It is election day in Virginia, which shares a media market with Washington. So, this past weekend, while watching the Sunday talk shows or the Lakers-Magic game, I was bombarded with television spots for the three Democratic candidates for governor. This has put me in mind of one of my pet peeves of contemporary liberal campaign rhetoric, the phrase "working families."
Everything about the phrase is clunky. "Working" is one of those words that sounds more German than English. But, the real problem with the phrase is that families do not work; they love. There is no mental image you conjure when you hear the phrase, except maybe the horrific image of a slave family heading into the cotton fields in a movie about the ante-bellum South. At least in my family, the roles were pretty defined and they cut through the family and did not encompass the whole lot of us. Dad did the mowing and worked the pool filter. Mom did the cooking. I weeded the garden which my Dad had tilled and planted. Of course, my mother decided what would be planted. Actually, my mother decided everything.
Another problem with contemporary campaign rhetoric, especially for Democrats in Virginia, is their allergy to the word "liberal." I understand they are trying to get elected Governor not etymologist-in-chief, and that in still conservative Virginia, being tagged a liberal is maybe a little bit better to for your political future than be tagged as a lesbian, but not my much. Still, the substitution of the content-less adjective "progressive" in place of the content-laden "liberal" marks a decisive decline in political verbiage.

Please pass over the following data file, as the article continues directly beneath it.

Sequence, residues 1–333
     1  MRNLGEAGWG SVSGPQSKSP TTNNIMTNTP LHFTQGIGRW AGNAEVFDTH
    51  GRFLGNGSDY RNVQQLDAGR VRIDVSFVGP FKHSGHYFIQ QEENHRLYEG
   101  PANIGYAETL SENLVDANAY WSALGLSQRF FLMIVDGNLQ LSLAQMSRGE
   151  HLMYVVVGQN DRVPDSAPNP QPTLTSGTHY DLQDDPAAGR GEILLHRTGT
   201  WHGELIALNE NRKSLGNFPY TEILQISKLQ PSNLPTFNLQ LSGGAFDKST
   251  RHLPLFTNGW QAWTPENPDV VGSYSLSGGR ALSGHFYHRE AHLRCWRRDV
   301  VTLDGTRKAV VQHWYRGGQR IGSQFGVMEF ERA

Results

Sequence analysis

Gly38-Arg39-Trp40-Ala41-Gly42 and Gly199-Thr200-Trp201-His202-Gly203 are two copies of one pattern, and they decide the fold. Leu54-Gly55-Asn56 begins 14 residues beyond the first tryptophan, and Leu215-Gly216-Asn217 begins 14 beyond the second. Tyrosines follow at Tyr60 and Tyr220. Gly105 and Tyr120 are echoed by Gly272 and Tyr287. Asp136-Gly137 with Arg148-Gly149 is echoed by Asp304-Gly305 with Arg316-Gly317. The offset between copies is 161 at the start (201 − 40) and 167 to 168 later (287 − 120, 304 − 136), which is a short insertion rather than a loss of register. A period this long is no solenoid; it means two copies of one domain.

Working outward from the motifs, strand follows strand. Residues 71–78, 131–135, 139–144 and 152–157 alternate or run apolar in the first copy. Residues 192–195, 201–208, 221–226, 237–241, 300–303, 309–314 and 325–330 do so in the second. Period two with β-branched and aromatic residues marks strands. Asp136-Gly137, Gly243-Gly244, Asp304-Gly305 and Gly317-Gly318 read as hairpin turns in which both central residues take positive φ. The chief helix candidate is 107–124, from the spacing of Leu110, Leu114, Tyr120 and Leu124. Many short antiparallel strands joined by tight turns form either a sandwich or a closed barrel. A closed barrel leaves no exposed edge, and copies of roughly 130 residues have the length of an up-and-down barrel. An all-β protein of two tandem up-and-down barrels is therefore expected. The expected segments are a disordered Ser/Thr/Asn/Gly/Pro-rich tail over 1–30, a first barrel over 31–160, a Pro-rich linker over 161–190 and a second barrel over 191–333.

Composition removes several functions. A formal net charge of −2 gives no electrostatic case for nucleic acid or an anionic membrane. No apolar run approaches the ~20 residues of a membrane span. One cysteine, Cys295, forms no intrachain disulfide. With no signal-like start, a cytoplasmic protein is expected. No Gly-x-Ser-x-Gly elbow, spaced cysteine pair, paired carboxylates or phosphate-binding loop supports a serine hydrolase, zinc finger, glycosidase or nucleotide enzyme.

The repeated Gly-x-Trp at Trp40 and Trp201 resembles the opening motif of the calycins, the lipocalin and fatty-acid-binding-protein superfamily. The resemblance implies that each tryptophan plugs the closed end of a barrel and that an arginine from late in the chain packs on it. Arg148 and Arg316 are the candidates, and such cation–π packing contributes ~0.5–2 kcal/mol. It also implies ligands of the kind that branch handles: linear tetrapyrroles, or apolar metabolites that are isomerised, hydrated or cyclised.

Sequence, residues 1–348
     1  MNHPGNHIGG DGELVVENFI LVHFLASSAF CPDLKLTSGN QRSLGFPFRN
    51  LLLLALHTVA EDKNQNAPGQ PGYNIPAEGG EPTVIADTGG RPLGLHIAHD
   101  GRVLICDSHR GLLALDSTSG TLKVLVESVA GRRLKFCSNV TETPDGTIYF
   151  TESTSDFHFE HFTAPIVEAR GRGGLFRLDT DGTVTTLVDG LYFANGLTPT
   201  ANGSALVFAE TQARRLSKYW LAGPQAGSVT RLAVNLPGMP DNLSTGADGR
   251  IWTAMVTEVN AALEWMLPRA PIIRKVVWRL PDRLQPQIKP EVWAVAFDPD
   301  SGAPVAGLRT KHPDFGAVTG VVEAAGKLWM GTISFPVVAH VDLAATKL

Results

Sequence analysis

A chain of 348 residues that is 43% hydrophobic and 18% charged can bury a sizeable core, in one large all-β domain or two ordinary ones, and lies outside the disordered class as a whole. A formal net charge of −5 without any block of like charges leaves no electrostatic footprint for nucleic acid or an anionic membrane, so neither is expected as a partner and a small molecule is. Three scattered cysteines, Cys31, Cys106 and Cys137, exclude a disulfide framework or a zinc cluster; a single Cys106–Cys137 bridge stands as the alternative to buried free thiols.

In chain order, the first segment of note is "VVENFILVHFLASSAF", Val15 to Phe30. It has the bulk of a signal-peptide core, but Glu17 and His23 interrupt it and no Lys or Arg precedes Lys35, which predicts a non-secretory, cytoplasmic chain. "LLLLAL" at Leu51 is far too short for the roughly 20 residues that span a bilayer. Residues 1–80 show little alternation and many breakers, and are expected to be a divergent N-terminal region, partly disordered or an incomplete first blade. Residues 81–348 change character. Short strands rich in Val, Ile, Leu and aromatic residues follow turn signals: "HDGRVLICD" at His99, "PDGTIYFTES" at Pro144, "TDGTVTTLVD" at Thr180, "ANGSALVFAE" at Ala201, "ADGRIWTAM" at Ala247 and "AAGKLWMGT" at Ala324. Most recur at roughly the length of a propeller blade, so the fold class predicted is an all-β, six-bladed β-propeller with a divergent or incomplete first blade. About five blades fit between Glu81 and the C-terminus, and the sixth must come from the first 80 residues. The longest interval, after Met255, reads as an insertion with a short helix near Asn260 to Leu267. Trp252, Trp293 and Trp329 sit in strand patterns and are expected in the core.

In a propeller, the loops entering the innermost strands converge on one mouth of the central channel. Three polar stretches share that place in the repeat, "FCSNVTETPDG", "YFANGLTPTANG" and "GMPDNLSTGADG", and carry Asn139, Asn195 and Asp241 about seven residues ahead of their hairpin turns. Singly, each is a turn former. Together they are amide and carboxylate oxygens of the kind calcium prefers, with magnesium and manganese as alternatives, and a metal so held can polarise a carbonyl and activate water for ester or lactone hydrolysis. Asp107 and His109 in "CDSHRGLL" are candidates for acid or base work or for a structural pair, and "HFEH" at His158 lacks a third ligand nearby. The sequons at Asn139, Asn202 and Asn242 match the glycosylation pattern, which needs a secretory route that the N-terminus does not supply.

Don’t get me started on that other great content-less, and ubiquitous, campaign word: "change."
So, speechwriters and candidates, think before you speak. Words matter. They shape the discussion. They shape the way we perceive the world. They even shape our self-perceptions as individuals and as a people. Writers of the World – Unite! You have nothing to lose but your refrains.